The risk of a UK recession is nearing, and economic fraud could be on the rise too. To combat this, new government bills could change laws for the better

As a nation, we’ve had a tempestuous few months. A new monarch and a new Prime Minister all in the same week. It sounds like the plot of some modern re-telling of a Shakespearean classic. And now, instead of calm in the waters after weeks of change, greater uncertainty abounds with the veritable fiasco that is the British economy under the reins of this new leadership. The Institute of Fiscal Studies recently decried that the ‘UK is not on a sustainable fiscal path’. With the Pound plummeting, economic growth shrinking, inflation (at a whopping 9.9% in August) and interest rates on the rise, we appear to be on a collision course with another UK recession. And where there is a recession, there is fraud.

The last UK recession was at the peak of the COVID-19 pandemic in 2020. During that time, cases of fraud rose by 24% according to a recent Crime Survey for England and Wales. Now as we approach the next fiscal downturn, it is highly probable that fraud will be on the up. The Bard’s words in Venus & Adonis ring truer than ever before: it “shall be fickle, false and full of fraud.

The government’s financial playbill

In light of this ever-changing landscape, the government has attempted to beef up its arsenal of fraud prevention tools through the unveiling of the Economic Crime and Corporate Transparency Bill, which had its second reading on 13 October 2022. The Bill comes in the wake of the Economic Crime (Transparency and Enforcement) Act 2022, which was introduced as a responsive measure to the Russian invasion of Ukraine. The Bill is touted as being able to tackle economic crime both at home and overseas by introducing a range of reforms that include new measures for challenging new forms of fraud. Take for instance, the ever-growing threat of crypto-frauds. The Bill specifically provides new powers for use in the hunt for illicitly gained cryptoassets, and the alteration of existing money laundering and terrorist financing provisions.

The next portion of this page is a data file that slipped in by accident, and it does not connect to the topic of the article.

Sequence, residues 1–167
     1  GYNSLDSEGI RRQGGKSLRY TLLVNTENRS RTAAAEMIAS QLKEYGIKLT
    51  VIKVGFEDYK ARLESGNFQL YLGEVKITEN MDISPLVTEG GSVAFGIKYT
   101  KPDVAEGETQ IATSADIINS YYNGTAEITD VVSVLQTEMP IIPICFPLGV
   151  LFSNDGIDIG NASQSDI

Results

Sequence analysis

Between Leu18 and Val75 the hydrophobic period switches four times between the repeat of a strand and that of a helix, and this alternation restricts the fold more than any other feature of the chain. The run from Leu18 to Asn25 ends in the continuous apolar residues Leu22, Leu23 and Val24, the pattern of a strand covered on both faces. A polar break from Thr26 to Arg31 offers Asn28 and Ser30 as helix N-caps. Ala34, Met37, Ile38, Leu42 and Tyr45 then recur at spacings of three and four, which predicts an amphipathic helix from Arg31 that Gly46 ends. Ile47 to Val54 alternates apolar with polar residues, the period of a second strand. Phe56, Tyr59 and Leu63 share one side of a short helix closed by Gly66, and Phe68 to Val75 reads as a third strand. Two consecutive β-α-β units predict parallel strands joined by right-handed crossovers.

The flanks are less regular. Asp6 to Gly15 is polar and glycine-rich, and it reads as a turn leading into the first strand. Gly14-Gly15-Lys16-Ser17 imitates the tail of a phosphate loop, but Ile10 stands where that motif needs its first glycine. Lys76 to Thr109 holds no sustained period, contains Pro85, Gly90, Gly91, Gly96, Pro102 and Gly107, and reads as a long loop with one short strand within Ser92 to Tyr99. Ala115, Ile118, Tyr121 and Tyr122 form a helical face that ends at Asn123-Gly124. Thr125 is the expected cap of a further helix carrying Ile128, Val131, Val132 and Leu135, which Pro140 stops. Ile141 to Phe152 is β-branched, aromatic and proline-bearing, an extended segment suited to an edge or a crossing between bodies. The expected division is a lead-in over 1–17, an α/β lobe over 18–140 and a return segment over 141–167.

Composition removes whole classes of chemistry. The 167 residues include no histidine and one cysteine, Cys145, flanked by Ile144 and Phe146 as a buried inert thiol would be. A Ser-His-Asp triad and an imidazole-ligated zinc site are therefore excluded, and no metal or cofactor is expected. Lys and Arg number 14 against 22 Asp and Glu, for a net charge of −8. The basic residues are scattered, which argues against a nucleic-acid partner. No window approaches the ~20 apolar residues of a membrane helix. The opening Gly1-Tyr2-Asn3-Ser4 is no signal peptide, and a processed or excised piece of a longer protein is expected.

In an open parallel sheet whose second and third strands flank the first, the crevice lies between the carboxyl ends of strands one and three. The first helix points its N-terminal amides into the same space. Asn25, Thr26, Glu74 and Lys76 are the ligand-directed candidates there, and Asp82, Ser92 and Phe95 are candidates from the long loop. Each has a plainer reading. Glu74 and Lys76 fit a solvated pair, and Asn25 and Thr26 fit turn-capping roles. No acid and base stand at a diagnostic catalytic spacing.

For example, clauses 141 and 142 of the Bill will amend the Proceeds of Crime Act 2002, altering criminal and civil recovery in relation to virtual currencies and their ilk. In terms of civil recovery, the Bill would enable (amongst other things) law enforcement to deploy additional search and seizure powers to retrieve cryptoassets and permit for their destruction in certain instances. Part 5 of the Bill will facilitate the sharing of information by businesses where the purpose of that information is to prevent, investigate, or detect economic crime. In sharing this information, Part 5 disapplies civil liabilities that the business may have been subjected to for any breaches of its confidentiality obligations in this context. 

“Foul deeds will rise” (Hamlet, Act 1, Scene 2)

It remains yet to be seen whether the new Bill will provide any meaningful ways to weather the storm of fraud that may be on the horizon. Times of economic uncertainty present new methods of exploitation for criminal gain, and so it is imperative that the UK thoroughly prepares for what lies ahead. The Bill is a step in the right direction. However, these measures will only go so far without the appropriate fiscal backing to expand fraud prevention across the UK. The government has recently launched a new Public Sector Fraud Authority, plying it with £25 million in new funding. Yet this £25 million pales in comparison to the £1.3bn that was misappropriated by fraudsters in 2021. Lest we forget, last recession, the UK lost approximately £16bn to Covid-loan frauds alone.

Perhaps this time around fraudsters will attack emergency relief given to combat the cost-of-living crisis. The moral of the story – desperate times will generate desperate crimes, and the tide of criminal fraud is unlikely to be successfully resisted simply by more regulation and transparency alone, however well-articulated in His Majesty’s Government press releases. As we gear up for what the future holds, these authors recall the words of Henry V: “Once more unto the breach, dear friends, once more”.

By Keith Oliver, Head of International, and Amalia Neenan, Trainee Solicitor at Peters & Peters LLP


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